identical in all, representing a
  retreat by the cell to a smaller size
  at which survival is still possible.
Although atrophic cells may have
  diminished function, they are not
  dead.
Atrophy represents a reduction in
the structural components of the
cell. The cell contains fewer
mitochondria, myofilaments, a
lesser amount of endoplasmic
reticulum, and increasing in the
number of autophagy vacuoles.
Some of the cell debris within the
autophage vacuole may resist digestion
and persist as membrane bound
residual bodies that may remain as a
sarcophagus in the cytoplasm. When
present in sufficient amounts, they
impart a brown discoloration to the
tissue (brown atrophy).
Left Normal                        Right Atrophy

        参照 武忠弼 病理学规划教材第一版 人民卫生出版社修改)
Atrophy of the brain
(offered by Prof. Orr )
    4. Metaplasia
( 1 ) Definition: Metaplasia is a reversible
   change in which one adult cell type is
   replaced by another adult cell type.

(2) Causes:
   Changes in environment: i. e. stones in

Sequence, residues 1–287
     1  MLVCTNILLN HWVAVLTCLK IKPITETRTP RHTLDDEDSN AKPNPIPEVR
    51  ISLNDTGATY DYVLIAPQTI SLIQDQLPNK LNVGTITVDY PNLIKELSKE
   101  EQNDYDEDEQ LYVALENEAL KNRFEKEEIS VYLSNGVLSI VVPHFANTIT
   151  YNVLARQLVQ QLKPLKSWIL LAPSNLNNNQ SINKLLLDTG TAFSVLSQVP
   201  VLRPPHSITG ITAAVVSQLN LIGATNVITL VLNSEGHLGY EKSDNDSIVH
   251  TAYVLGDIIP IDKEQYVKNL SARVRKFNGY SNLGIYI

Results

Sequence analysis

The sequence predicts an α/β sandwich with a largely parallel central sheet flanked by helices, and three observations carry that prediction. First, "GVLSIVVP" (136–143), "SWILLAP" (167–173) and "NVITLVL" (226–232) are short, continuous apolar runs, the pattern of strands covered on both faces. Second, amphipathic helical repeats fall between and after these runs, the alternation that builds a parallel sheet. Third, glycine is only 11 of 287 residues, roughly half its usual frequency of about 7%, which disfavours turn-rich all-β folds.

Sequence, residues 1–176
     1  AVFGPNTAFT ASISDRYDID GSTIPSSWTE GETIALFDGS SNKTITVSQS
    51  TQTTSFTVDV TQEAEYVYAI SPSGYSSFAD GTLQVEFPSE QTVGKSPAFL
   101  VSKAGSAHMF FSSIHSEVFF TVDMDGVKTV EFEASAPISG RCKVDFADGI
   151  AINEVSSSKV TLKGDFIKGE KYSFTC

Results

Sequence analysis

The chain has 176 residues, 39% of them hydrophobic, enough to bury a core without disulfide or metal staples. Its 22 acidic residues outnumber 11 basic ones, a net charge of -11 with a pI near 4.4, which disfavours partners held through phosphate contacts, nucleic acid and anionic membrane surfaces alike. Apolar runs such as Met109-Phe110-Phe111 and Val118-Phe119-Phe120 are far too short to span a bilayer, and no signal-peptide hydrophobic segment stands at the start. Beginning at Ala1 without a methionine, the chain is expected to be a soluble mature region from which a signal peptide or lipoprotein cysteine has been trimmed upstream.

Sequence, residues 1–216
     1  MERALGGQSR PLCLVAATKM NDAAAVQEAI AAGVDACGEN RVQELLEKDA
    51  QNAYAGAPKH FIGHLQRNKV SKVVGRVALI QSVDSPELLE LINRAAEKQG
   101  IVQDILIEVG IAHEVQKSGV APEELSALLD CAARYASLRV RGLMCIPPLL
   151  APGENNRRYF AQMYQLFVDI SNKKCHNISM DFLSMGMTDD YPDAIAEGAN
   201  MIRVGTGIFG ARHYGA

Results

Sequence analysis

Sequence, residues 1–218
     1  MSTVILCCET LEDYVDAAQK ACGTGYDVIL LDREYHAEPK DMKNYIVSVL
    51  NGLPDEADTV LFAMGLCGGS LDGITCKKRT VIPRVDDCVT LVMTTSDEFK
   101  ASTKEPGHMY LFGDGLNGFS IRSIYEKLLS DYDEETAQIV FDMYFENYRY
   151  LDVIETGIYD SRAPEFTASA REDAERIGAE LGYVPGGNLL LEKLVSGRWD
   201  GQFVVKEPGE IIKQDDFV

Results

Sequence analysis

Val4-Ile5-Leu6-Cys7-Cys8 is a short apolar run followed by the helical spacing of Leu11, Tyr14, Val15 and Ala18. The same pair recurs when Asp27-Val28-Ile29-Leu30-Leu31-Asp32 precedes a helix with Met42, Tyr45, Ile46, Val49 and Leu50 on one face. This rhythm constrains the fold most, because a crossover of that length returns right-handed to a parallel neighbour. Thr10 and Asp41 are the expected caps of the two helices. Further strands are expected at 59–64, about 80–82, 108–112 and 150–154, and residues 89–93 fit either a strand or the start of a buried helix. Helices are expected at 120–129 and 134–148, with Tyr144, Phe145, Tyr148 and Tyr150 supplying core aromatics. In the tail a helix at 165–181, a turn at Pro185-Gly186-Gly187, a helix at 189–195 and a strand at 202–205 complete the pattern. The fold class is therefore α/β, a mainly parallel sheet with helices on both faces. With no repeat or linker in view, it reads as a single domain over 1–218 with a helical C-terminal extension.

excretory ducts of salivary gland, pancreas,
    or bile duct lead to change from columnar
    epithelium to stratified squamous epithelium.
Squamous metaplasia in bronchitis
         (offered by Prof.Orr)
Schematic diagram of columnar to squamous metaplasia

  (From ROBBINS BASIC PATHOLOGY,2003)
   Irritation or inflammation: i. e. In
    the habitual cigarettes smoker, the
    normal columnar ciliated epithelial cells
    of the trachea and bronchi are often
    replaced focally or widely by stratified
    squamous epithelial cells.

   Nutritional: vitamin A deficiency
    causing squamous metaplasia.
Epithelial metaplasia is a two-edged
sword and, in most circumstances,
represents an undesirable change.
Moreover,     the    influences     that
predispose to such metaplasia, if
persistent,   may     induce      cancer
transformation in metaplastic epithelium.
Thus, the common form of cancer in
the respiratory tract is composed of
squamous cells.
Metaplasia may also occur in
mesenchymal cells but less clearly as an
adaptive response. i. e. fibrous
connective tissue cells may be come
transformed to osteoblast chondroblasts
to produce bone or cartilage where it is
normally not encountered.

				
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posted:4/11/2008